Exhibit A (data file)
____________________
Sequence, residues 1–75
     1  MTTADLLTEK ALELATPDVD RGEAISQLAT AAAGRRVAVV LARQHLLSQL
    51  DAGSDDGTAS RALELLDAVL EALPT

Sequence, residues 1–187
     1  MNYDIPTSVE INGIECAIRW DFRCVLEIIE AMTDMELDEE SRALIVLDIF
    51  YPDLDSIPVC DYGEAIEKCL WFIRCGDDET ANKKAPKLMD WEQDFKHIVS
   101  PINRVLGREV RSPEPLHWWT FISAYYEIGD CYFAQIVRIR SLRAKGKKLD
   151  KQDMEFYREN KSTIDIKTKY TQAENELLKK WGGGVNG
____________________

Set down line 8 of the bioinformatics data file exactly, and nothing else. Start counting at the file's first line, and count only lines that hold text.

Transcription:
   151  KQDMEFYREN KSTIDIKTKY TQAENELLKK WGGGVNG